My parents drove me to Newark airport. We wandered the international departure gate and filled the mindless noise with more noise. We used small words to try to quell big emotions. I’d never been that far from home. On the wings of a Boeing 767, I flew into the cloudy unknown.

“You are very quiet,” my host father said at dinner one nights, “do you not like it here?” My French was not good enough to explain that he was right, and he was wrong.

I walked barefoot in the cool grass of a Parisian park, saw a bullet hole in the wall of a cement building in East Berlin, and breathed the thick air in the Sistine Chapel feeling that though billions of molecules separated me and Michelangelo, we are all connected.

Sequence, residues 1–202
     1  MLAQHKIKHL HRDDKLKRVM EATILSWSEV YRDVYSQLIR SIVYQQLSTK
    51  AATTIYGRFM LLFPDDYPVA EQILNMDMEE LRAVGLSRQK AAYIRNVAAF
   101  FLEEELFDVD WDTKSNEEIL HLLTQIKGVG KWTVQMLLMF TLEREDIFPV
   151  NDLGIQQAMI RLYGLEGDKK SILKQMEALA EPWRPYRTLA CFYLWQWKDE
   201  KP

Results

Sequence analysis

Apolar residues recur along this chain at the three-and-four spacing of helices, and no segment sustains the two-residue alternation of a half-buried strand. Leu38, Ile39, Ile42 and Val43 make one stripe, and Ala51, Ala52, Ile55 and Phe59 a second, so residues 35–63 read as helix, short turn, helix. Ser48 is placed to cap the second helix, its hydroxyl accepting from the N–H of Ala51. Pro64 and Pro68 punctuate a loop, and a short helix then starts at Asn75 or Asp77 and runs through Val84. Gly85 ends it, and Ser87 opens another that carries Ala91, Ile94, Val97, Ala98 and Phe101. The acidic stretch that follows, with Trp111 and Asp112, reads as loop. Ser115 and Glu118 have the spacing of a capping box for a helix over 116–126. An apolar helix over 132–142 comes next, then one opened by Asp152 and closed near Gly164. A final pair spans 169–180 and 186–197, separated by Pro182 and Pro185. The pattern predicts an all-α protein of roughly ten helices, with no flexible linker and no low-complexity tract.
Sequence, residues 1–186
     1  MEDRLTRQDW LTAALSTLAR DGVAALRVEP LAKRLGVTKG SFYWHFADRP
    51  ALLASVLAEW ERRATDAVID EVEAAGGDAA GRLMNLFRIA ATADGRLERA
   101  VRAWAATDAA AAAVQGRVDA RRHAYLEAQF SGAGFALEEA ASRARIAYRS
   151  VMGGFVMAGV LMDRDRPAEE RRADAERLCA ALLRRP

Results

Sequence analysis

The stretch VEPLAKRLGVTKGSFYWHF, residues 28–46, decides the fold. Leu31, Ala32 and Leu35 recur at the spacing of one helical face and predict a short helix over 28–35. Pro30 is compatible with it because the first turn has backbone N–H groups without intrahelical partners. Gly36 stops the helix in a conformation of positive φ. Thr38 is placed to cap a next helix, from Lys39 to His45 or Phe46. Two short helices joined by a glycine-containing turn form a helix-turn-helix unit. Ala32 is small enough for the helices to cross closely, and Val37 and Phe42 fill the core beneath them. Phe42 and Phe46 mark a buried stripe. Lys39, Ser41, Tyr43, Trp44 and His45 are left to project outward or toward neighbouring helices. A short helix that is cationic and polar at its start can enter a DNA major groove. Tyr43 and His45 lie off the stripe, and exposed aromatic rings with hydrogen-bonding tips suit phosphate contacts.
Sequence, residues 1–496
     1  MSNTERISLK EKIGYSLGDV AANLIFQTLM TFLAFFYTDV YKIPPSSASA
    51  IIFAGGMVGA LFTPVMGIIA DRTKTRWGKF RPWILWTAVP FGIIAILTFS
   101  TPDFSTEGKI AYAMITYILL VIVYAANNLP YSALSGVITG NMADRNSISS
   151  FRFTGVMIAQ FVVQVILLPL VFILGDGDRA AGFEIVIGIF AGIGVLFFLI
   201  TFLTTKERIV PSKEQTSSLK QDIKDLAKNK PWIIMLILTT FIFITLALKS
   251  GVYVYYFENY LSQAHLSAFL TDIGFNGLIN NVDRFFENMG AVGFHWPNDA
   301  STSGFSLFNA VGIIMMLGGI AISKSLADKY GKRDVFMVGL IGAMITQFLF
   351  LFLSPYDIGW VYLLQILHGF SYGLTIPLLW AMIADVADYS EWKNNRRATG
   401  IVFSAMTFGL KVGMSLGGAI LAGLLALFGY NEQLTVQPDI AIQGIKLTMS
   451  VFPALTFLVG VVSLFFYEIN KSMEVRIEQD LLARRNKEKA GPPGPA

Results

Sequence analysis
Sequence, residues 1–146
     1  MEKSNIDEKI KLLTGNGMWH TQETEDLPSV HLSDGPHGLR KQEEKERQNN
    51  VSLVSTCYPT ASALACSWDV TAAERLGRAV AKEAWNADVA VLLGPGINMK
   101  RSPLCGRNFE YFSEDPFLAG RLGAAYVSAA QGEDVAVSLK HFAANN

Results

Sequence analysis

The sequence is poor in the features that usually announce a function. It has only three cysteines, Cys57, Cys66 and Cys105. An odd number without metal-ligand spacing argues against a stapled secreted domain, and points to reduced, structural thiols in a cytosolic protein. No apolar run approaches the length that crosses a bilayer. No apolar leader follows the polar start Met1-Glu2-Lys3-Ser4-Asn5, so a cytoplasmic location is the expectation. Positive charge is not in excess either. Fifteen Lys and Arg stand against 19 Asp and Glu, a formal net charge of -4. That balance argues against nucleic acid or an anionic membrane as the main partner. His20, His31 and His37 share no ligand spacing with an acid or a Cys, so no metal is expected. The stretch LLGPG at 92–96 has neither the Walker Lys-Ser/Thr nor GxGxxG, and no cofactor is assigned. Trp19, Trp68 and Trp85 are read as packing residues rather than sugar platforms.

I wrote letters to my parents and grandparents. Partly I wanted to assure them that flying across the ocean hadn’t severed any familial ties. Partly I wanted them to know It was precisely because I had gotten lost, had trouble communicating and sometimes didn’t love the food that made me love the experience.

Distance hadn’t pulled me away, it helped to give me perspective so that I could see myself more clearly. Six months later, I flew back feeling like home is everywhere and nowhere.

I met my parents at the arrival gate amid halls decked in holiday greens and reds. “You look different,” my mom said. I was 21 and just beginning to understand traveling was an inevitable character trait. I’m sure I shrugged sheepishly though I wish I had responded, “so do you.” It was the first time I’d see my parents as the North Star.

Traveling hadn’t made me feel lost, it made me feel found.